What I expected to and what I actually gained from this trip are two separate things entirely. Going into this I had imagined gaining knowledge on how I could build my own business, or knowledge on gaining employment within companies that do not traditionally employ arts graduates. Honestly, I feel I learned none of the above. But that is 100% okay! I studied pitch after pitch of some wonderful ideas, none had fine art context but I drew inspiration from the best of them and thus learned how to pitch my own ideas to an audience. Learning skills that will certainly help my artistic practice in terms of presentation and group discord. But it was the information and knowledge gained from the discussions and dialogue with fellow European students, specifically Santiago and Steve, lecturers (thank you Amanda and Shelley!) and business partners that I took most from this trip. These discussions have moulded my thinking to stretch beyond the small bubble of the Swansea art scene, and forced me to think of myself as a true global citizen.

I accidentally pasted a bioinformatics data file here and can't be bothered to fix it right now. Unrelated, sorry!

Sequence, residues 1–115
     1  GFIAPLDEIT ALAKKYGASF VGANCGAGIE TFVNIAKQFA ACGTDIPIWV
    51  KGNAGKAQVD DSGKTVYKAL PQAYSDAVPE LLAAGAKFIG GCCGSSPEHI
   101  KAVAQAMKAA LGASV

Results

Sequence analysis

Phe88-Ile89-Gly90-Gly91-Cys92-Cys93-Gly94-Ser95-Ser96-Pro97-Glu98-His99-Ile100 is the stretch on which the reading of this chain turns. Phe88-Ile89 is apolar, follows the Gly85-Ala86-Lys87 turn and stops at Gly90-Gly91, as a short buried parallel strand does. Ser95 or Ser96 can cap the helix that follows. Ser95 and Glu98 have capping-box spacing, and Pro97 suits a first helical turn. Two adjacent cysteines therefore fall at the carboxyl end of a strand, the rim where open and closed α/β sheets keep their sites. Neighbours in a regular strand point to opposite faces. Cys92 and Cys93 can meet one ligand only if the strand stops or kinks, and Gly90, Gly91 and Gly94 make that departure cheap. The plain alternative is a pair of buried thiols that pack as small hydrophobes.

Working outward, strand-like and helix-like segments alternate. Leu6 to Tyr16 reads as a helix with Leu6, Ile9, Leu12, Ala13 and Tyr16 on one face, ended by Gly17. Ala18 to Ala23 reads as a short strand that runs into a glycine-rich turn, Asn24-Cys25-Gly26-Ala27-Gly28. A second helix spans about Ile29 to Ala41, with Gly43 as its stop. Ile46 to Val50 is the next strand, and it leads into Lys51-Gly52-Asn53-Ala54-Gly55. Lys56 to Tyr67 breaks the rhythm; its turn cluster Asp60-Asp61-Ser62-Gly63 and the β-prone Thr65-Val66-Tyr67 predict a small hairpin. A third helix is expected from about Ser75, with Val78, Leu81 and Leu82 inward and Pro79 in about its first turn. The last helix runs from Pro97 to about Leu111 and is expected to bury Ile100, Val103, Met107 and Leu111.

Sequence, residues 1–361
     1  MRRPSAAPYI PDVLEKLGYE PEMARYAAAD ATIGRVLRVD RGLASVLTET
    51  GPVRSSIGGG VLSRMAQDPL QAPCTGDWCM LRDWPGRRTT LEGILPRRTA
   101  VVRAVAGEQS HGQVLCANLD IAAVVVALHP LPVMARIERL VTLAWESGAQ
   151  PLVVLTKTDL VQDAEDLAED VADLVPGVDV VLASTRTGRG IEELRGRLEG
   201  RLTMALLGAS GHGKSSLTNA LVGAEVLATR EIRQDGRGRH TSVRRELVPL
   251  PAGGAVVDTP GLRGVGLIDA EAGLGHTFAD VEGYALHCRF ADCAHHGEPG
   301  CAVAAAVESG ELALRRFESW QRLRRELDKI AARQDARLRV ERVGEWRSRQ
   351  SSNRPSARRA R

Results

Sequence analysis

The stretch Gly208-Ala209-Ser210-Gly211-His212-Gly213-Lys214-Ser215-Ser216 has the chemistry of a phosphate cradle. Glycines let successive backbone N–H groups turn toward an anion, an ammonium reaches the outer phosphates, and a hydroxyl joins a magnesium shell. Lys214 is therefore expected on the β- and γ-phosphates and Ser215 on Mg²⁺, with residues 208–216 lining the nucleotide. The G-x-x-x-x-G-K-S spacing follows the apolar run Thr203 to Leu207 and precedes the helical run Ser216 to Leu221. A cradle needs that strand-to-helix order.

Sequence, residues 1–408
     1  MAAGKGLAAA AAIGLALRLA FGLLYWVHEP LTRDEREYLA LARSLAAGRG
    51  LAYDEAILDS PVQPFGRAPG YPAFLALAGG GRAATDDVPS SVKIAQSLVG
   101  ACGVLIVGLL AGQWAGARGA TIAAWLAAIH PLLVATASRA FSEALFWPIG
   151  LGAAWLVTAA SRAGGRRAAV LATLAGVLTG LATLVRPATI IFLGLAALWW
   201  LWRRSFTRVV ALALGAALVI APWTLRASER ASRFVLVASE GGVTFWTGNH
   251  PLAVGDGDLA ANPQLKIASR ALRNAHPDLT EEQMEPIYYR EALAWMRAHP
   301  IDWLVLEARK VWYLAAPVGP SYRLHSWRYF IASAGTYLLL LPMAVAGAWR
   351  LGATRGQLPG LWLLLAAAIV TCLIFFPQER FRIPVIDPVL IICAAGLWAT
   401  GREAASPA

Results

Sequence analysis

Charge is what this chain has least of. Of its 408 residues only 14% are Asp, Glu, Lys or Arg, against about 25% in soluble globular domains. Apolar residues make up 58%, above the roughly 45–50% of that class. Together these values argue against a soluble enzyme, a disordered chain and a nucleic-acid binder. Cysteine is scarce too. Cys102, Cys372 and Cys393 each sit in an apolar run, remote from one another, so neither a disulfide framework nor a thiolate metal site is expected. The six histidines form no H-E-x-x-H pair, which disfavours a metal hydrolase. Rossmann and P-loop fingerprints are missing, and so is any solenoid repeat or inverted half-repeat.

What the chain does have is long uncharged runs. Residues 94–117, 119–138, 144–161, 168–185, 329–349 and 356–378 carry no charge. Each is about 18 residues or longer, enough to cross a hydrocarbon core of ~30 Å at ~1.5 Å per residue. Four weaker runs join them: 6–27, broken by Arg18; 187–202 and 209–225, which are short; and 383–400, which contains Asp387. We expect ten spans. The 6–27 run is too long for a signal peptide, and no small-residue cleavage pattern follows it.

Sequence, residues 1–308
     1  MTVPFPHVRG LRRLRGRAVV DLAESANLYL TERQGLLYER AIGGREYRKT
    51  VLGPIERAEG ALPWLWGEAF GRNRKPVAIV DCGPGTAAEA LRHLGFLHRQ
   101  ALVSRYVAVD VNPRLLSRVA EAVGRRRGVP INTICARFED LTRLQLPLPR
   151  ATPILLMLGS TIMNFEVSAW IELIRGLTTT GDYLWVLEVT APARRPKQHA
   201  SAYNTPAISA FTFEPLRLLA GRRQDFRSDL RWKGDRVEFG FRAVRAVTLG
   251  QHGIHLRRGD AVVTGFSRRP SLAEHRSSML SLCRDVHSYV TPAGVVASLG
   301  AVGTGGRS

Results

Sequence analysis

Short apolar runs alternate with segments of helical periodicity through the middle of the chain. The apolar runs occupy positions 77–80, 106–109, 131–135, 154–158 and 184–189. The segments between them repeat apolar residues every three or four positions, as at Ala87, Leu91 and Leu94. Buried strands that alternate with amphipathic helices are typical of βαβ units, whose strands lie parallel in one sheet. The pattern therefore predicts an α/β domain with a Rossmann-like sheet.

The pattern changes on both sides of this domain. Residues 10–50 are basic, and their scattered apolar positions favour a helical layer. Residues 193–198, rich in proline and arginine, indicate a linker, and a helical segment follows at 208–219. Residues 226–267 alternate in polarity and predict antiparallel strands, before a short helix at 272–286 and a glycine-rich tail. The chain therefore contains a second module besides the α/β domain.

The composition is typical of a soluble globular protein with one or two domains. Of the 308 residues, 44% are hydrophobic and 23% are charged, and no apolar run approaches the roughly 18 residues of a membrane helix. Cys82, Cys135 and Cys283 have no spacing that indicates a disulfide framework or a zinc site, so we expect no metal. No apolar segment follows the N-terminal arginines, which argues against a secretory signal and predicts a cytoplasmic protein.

The conversations with Amanda have allowed me to realise the true scope of jobs available to art graduates, including working in television and teaching roles. This has reassured me that I made the right choice coming back to education after such a long period of time working jobs that made me unhappy, allowing me to feel enthusiastic and positive when it comes to opportunities upon graduation. Couple this with the discussions with Steve and my eyes have been opened to the potential of studying at a Phd level. Spending the days with Phd level graduates and holding my own in conversation further solidifies the idea that maybe one day the letters sent to my home could be titled Andrew Bowen Phd…